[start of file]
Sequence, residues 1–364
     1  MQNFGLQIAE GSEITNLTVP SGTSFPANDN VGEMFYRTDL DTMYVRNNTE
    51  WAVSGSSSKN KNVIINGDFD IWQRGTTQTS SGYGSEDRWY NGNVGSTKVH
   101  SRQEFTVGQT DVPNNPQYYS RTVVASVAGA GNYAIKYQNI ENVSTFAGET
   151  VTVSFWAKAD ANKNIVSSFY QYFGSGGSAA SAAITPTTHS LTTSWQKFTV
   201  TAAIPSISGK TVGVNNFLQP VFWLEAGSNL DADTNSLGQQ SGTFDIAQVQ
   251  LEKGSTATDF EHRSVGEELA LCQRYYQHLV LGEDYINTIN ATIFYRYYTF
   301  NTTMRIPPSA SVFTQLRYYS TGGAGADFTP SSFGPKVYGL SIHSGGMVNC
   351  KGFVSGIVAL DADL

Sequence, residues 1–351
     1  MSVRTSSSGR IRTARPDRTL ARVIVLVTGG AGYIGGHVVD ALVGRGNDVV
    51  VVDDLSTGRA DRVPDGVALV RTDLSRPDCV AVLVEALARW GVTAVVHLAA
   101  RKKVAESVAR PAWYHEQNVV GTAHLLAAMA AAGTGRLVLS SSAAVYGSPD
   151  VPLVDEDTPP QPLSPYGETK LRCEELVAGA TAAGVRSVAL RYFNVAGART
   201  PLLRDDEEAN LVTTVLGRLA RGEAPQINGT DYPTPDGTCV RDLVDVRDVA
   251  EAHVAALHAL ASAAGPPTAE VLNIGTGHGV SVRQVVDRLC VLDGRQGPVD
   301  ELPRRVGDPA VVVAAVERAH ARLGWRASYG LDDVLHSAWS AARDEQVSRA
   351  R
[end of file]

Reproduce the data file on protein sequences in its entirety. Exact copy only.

Sequence, residues 1–364
     1  MQNFGLQIAE GSEITNLTVP SGTSFPANDN VGEMFYRTDL DTMYVRNNTE
    51  WAVSGSSSKN KNVIINGDFD IWQRGTTQTS SGYGSEDRWY NGNVGSTKVH
   101  SRQEFTVGQT DVPNNPQYYS RTVVASVAGA GNYAIKYQNI ENVSTFAGET
   151  VTVSFWAKAD ANKNIVSSFY QYFGSGGSAA SAAITPTTHS LTTSWQKFTV
   201  TAAIPSISGK TVGVNNFLQP VFWLEAGSNL DADTNSLGQQ SGTFDIAQVQ
   251  LEKGSTATDF EHRSVGEELA LCQRYYQHLV LGEDYINTIN ATIFYRYYTF
   301  NTTMRIPPSA SVFTQLRYYS TGGAGADFTP SSFGPKVYGL SIHSGGMVNC
   351  KGFVSGIVAL DADL

Sequence, residues 1–351
     1  MSVRTSSSGR IRTARPDRTL ARVIVLVTGG AGYIGGHVVD ALVGRGNDVV
    51  VVDDLSTGRA DRVPDGVALV RTDLSRPDCV AVLVEALARW GVTAVVHLAA
   101  RKKVAESVAR PAWYHEQNVV GTAHLLAAMA AAGTGRLVLS SSAAVYGSPD
   151  VPLVDEDTPP QPLSPYGETK LRCEELVAGA TAAGVRSVAL RYFNVAGART
   201  PLLRDDEEAN LVTTVLGRLA RGEAPQINGT DYPTPDGTCV RDLVDVRDVA
   251  EAHVAALHAL ASAAGPPTAE VLNIGTGHGV SVRQVVDRLC VLDGRQGPVD
   301  ELPRRVGDPA VVVAAVERAH ARLGWRASYG LDDVLHSAWS AARDEQVSRA
   351  R